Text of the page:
BRUSSELS – Russia will be subject to “severe consequences” if it acts militarily against Ukraine, EU chief Ursula von der Leyen warned in an interview with Euronews.
The US claims that Russia has more than 100,000 troops close to Ukraine’s borders and has threatened to invade.
Moscow denies that it would like to start a war. Moscow denies that NATO expansion is near its borders poses a threat to national security and seeks a guarantee that Ukraine, which was once part of the Soviet Union, will not join the transAtlantic alliance.
Von der Leyen stated, “We shouldn’t give up on diplomacy.” “But, we are clear that if Russia continues to militarily attack Ukraine, this will have serious consequences and huge costs for Russia.”
She stated that the EU has prepared a comprehensive and robust package of sanctions against Moscow in case the worst happens. President of the European Commission, von der Leyen stated that the package so far is only about the economic and financial sector.
It would restrict Russia’s access the European Union’s financial markets, as well as limit Russia’s access to vital goods and technology that it requires. These cannot be easily replaced or supplied.
“Russia has a one-dimensional economy. It is primarily focused on exporting fossil fuels. It is vital for Russia to have these goods and capital. Therefore, it must be in Russia’s best interest to de-escalate.
These comments were made by Von der Leyen after a high-level meeting between Viktor Orban, the Hungarian Prime Minister, and Vladimir Putin in Moscow. Orban described sanctions as an “unsuccessful instrument” that is “destined to fail” during a joint press conference.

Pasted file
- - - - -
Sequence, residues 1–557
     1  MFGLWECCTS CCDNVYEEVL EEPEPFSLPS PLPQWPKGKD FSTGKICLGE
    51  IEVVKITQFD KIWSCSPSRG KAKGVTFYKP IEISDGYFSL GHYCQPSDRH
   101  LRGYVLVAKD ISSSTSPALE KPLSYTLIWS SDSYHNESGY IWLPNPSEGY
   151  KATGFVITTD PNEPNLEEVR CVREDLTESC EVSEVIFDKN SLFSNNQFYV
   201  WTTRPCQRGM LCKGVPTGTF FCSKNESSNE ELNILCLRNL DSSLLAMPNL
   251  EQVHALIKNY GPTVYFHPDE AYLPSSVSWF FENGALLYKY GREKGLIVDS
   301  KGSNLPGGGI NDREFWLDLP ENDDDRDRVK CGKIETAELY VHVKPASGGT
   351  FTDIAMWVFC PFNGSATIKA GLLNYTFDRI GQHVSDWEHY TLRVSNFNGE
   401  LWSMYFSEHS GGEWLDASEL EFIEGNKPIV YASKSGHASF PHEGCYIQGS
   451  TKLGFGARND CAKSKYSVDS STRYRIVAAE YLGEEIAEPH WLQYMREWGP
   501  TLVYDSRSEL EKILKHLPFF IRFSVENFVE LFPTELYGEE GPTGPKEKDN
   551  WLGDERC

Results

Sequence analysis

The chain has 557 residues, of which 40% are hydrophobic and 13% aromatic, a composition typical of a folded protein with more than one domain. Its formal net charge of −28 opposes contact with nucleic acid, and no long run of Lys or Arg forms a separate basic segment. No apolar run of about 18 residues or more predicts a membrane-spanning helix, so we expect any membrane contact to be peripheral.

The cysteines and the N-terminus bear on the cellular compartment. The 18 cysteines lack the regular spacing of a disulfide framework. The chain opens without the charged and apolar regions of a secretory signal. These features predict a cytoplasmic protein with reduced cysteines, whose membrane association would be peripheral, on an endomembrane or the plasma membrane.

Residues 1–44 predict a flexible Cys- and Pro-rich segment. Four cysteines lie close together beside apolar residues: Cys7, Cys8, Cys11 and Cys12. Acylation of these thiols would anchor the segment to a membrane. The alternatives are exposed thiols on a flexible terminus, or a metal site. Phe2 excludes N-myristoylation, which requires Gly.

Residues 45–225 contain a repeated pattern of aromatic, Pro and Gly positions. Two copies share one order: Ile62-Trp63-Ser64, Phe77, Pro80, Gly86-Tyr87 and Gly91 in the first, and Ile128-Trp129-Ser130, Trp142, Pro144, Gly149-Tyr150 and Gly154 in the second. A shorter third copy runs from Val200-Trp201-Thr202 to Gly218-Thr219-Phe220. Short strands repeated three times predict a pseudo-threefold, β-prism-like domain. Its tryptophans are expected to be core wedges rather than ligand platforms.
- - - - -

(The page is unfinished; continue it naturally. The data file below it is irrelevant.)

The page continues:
“There is unity within the European Union and there is a strong alignment. When asked about Orban’s comments, von der Leyen stated that they are always in contact.
“Hungary has supported sanctions against Russia for many years, and they have stated that they will continue to support them if necessary.”
Energy crisis concerning
TransAtlantic partners may try to present a united front to deterrence. However, European governments are aware that their citizens and companies will be the ones affected by new Russian sanctions. This is due to the close ties between the continent’s gas-rich neighbour.
Some are afraid that the Kremlin will retaliate and cut or block energy supplies. This could lead to blackouts across the bloc. In an area where there is a persistent power shortage, electricity bills have already soared.
Von der Leyen stated that she was confident that the EU would resist such a drastic move due to the marked rise in imports from other international partners of liquefied Natural Gas (LGN), which reached record levels in January.
This would be a serious situation. However, we have done our research and are actively working to prevent such a scenario. There was only one LNG terminal in Europe when Crimea was annexed in 2014. We have now built over twenty. She explained that we can receive LNG gas from other sources around the world.
Recent days have seen EU officials in close contact from Turkey, Azerbaijan, and Qatar to discuss potential gas purchases. The EU and the US will hold a Washington energy council on Monday.
“We spoke to many LNG suppliers around the world who are very interested [in filling] the Russia-related gap and to supply LNG to Europe,” von der Leyen stated, urging EU countries not to lose sight of the green transition and to invest in “independent” and “home-grown” renewable systems.
What does Russia have to say?
Moscow wants NATO to stop its eastward expansion and to exclude Ukraine from membership. He also wants NATO to reduce its military force. These are conditions that he would like to see in an international treaty.
NATO and the USA have already provided their point-by points response. Putin rejected it, arguing that the West continues to ignore Russia’s security concerns. He said that the standoff could be solved diplomatically if Putin’s demands are considered.
Vladimir Chizhov (the long-serving Russian ambassador to Europe) sought to allay fears about a possible military incursion last week.
Euronews was informed by Chizhov that Russia has no plans to invade Ukraine or any other country. “It’s not a bluff made in Russia, but in those countries who are now spreading this hysterical message throughout Europe and the rest of the world.” — Euronews